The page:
American Municipal Power permits 110-MW peaker at Hamilton, Ohio

American Municipal Power (AMP) proposes to install eleven 10-MW 4-stroke lean burn natural gas-fired engines in Hamilton, Ohio, to provide peaking power, said a draft permit-to-install for this project issued Nov. 10 by the Ohio Environmental Protection Agency.

Ultimately, AMP will select either 9,700 kW Caterpillar Model G20CM34 or 9,341 kW Wartsila Model 20V34SGD engines for the project, the agency noted. The AMP facility will be located in Butler County which is marginal non-attainment for ozone and non-attainment for PM2.5.

In order to avoid Title V and Major New Source Review requirements, facility-wide natural gas usage will be limited to 2,970 million standard cubic feet (equates to 3,504 operating hours per engine) per rolling, 12-month period. In addition, each engine will be limited to 520 start-ups and 520 shutdowns per rolling, 12-month period. The project does not require netting for PSD since the previous site facility (power plant) will be completely demolished and the site cleared prior to installation of these engines.

Each engine will be equipped with selective catalytic reduction (SCR) to control NOx and an Oxidation Catalyst System to control carbon monoxide (CO) and volatile organic compounds (VOCs). Emission limitations of criteria pollutants are based upon the “worst case” emissions (except SO2) between the two engine models under consideration for the project. SO2 emissions are based upon the Caterpillar engine which reflects the use of domestic fuel.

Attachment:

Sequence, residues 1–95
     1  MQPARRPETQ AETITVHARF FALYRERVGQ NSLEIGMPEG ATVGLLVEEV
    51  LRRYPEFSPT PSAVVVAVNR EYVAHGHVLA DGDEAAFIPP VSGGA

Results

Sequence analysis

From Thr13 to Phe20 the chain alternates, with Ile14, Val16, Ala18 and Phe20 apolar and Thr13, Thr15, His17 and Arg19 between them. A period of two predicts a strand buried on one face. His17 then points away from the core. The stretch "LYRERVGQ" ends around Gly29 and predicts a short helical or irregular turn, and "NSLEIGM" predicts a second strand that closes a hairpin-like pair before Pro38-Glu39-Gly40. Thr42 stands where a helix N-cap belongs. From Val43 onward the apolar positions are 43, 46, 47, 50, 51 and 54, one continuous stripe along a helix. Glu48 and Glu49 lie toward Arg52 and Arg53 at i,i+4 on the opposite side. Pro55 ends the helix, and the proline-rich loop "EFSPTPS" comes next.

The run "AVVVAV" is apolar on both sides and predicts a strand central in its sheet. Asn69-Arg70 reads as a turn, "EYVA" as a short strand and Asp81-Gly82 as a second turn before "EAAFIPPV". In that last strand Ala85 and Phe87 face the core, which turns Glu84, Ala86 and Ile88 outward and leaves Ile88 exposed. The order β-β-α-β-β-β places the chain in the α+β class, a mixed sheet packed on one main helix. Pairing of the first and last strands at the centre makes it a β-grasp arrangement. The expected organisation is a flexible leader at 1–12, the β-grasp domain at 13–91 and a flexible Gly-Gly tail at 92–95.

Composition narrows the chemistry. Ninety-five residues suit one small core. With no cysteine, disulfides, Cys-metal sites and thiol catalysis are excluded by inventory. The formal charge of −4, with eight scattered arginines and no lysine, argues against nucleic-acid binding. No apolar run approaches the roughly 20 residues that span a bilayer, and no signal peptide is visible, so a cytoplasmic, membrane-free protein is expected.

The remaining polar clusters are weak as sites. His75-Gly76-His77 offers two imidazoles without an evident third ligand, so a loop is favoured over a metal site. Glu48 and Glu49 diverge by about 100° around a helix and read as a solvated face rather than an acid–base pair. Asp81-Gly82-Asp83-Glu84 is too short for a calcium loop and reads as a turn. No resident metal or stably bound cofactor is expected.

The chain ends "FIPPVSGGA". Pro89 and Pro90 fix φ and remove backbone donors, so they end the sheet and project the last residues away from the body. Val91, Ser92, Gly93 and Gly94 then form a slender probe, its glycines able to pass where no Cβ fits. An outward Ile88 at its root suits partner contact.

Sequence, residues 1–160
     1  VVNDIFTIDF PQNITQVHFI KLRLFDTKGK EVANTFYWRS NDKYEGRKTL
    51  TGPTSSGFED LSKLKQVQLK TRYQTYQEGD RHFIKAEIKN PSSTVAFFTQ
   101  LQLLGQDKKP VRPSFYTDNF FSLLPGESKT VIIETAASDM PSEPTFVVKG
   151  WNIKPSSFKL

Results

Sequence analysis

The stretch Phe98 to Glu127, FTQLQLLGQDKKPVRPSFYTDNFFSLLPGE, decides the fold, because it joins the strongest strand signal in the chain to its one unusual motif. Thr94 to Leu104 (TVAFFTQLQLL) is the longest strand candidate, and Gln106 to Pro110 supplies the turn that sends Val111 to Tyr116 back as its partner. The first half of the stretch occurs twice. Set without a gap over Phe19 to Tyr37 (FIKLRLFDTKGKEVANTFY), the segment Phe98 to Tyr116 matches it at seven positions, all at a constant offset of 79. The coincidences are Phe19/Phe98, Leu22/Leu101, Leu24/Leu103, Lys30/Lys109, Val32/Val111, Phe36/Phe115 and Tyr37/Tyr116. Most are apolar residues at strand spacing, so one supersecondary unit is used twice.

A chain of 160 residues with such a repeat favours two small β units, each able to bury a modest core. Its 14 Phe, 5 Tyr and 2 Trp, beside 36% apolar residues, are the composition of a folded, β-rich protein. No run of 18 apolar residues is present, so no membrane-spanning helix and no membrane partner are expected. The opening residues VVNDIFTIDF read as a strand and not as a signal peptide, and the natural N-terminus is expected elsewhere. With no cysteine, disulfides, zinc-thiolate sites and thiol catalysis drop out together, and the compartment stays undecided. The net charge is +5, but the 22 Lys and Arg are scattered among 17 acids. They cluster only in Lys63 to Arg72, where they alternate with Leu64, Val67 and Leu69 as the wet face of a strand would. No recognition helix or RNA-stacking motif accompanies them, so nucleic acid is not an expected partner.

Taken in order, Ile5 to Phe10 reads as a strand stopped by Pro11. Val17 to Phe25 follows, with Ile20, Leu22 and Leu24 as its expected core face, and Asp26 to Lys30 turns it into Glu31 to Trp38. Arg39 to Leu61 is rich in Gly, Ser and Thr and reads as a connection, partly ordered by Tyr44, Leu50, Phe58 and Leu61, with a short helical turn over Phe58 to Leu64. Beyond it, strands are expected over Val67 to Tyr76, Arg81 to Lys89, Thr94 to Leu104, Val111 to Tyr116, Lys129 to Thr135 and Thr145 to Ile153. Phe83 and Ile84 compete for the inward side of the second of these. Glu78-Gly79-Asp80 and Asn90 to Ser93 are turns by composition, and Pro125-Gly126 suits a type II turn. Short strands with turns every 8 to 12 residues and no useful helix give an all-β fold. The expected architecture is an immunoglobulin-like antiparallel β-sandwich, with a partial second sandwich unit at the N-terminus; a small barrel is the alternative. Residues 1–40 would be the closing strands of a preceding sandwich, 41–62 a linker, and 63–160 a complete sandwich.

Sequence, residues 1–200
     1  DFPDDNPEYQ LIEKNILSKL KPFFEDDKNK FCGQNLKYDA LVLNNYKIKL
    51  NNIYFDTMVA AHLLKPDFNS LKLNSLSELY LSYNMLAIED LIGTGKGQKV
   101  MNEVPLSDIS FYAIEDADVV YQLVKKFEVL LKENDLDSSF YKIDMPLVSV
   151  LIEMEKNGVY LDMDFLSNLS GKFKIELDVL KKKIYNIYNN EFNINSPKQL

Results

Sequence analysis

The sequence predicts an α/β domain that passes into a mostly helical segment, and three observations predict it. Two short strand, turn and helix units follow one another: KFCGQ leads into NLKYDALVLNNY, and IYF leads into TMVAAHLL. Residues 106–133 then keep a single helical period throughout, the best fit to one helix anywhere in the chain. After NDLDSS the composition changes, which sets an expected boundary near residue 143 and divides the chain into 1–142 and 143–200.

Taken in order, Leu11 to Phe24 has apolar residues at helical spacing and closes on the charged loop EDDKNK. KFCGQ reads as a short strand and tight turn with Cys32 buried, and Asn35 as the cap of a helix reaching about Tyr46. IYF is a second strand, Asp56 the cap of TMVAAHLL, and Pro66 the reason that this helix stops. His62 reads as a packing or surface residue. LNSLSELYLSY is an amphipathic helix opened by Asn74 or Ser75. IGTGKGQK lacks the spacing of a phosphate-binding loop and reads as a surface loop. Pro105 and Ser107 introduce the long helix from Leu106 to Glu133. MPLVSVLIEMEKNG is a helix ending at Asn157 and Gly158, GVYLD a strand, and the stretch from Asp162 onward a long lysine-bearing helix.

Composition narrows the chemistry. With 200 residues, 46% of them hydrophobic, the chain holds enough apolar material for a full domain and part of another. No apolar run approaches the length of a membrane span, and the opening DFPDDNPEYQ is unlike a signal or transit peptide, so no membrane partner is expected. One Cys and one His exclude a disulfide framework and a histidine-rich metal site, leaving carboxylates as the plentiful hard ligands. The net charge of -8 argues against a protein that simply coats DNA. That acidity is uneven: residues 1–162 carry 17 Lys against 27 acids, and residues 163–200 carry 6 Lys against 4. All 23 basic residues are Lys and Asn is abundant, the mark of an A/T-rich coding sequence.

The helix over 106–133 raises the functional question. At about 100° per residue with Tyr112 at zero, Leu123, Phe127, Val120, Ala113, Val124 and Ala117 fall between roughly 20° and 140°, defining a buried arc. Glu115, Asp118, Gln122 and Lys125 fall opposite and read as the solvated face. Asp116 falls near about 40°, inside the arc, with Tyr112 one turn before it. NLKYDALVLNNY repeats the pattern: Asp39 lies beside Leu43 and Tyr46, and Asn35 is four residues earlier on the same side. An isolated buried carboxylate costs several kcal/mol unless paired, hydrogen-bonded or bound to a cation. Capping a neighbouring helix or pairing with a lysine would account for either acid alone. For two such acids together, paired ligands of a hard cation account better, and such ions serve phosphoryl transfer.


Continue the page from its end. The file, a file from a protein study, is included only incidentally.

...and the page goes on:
A project contact is: Randy Meyer, AMP Hamilton Peaking Plant, 1111 Schrock Rd., Suite 100, Columbus, OH 43229.

AMP is a not-for-profit Ohio corporation organized to provide electric capacity and energy and to furnish other services to its members on a cooperative basis. It is a membership organization comprised of 83 municipalities throughout Ohio, 29 municipalities in Pennsylvania, six municipalities in Michigan, five municipalities in Virginia, four municipalities in Kentucky, two municipalities in West Virginia, one municipality in Indiana, one municipality in Maryland, and one joint action agency in Delaware, all but one of which own and operate electric systems. AMP purchases and generates electric capacity and energy for sale to its members.

About Barry Cassell 20414 Articles
Barry Cassell is Chief Analyst for GenerationHub covering coal and emission controls issues, projects and policy. He has covered the coal and power generation industry for more than 24 years, beginning in November 2011 at GenerationHub and prior to that as editor of SNL Energy’s Coal Report. He was formerly with Coal Outlook for 15 years as the publication’s editor and contributing writer, and prior to that he was editor of Coal & Synfuels Technology and associate editor of The Energy Report. He has a bachelor’s degree from Central Michigan University.